Earlier this week, noted phone sleuth Steve Hemmerstoffer (@onleaks on Twitter) teamed up with Pricebaba to create renders of the upcoming Pixel 4 based on leaked schematics. Naturally, this got the rumor mill riled up, but now in an unprecedented move, Google decided to one up the recent fan renders with the first official picture of the Pixel 4.
This is a huge surprise for a number of reasons. The first is that if previous Pixel releases are any indication, we’re still four or five months out from Google’s traditional fall release window.
But perhaps the more important revelation is the presence of dual rear cameras on the back of the Pixel 4. Currently, the Pixel 3 is the only mainstream flagship still rocking a single rear camera. Every other major phone maker including Apple, Samsung, Huawei, and LG has already upgraded to modules with at least two or three cameras (or more), many of which support telephoto and wide-angle lenses in addition to a primary shooter.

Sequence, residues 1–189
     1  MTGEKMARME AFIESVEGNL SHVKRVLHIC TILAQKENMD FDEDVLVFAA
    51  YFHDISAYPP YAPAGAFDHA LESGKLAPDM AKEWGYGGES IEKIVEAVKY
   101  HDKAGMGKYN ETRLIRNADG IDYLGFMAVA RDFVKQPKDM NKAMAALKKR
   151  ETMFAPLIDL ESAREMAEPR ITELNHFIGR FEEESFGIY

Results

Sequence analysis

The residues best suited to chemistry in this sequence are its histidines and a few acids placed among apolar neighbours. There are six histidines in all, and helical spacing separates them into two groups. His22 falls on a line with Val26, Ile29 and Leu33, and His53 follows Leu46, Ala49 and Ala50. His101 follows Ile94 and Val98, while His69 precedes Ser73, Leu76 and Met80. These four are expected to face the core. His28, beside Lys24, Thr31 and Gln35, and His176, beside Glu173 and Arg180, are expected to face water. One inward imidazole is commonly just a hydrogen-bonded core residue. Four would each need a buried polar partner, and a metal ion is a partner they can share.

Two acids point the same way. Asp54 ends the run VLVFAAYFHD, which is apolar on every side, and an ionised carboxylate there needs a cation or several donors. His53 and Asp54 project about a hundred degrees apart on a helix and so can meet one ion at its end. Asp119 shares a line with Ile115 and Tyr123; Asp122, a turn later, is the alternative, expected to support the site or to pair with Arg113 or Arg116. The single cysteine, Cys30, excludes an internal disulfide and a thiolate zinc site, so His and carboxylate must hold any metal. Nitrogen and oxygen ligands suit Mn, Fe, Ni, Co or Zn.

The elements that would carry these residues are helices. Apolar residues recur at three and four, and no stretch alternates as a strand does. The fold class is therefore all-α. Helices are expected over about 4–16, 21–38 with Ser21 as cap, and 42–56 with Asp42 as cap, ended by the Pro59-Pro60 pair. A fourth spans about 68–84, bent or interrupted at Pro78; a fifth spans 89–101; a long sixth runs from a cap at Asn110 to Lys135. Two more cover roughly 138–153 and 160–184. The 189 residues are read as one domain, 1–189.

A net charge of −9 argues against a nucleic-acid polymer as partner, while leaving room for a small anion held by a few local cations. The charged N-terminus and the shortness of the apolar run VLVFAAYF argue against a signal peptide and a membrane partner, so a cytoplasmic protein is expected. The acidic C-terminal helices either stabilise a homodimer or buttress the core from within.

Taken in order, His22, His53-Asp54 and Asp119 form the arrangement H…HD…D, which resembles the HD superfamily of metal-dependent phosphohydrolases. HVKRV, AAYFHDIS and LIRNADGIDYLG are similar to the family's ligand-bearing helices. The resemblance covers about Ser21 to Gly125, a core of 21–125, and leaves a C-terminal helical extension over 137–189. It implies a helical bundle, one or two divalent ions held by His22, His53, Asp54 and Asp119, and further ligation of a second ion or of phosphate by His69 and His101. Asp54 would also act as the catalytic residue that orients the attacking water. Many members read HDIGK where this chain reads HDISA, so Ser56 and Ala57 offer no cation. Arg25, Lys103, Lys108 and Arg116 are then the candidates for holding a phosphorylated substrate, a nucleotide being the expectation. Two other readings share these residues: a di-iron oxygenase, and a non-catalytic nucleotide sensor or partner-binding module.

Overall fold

This development could have a huge impact on the Pixel 4's photography, as currently, Google relies heavily on computational photography for features like portrait mode, its low-light Night Sight mode, and Super Res Zoom, which uses software instead of optical lenses to capture photos with greater magnification.
On top of that, if you look close, in addition to Pixel 4's flash, there are two other openings for sensors, which could be for things like the flicker sensor found on the Pixel 3 which helps prevent banding caused by things like LED lights. But another potential sensor that rumors claim Google might add to the Pixel 4 are tiny radars based on Project Soli, which aims to let users control the phone by making various gestures in the air.
Finally, for fans of two-toned design Google has used on all previous Pixels, it seems the Pixel 4 is breaking from tradition and opting instead for a simpler single-color look. That said, while the Pixel 4 in Google’s official pic is clad in black, I’d still expect some more unique color options along the lines of the “Not Pink” shade introduced on the Pixel 3, and the Pixel 3a’s “Purplish” hue.
Regardless, it’s still somewhat shocking for Google to drop an official pic of its next big flagship months prior to launch. Though since leaks pretty much revealed all of the Pixel 3's major features prior to announcement, maybe this is just Google’s way of staying ahead of the pack. If news about the Pixel 4 continues to drip out slowly from now until the fall, it’s going to be a looong summer.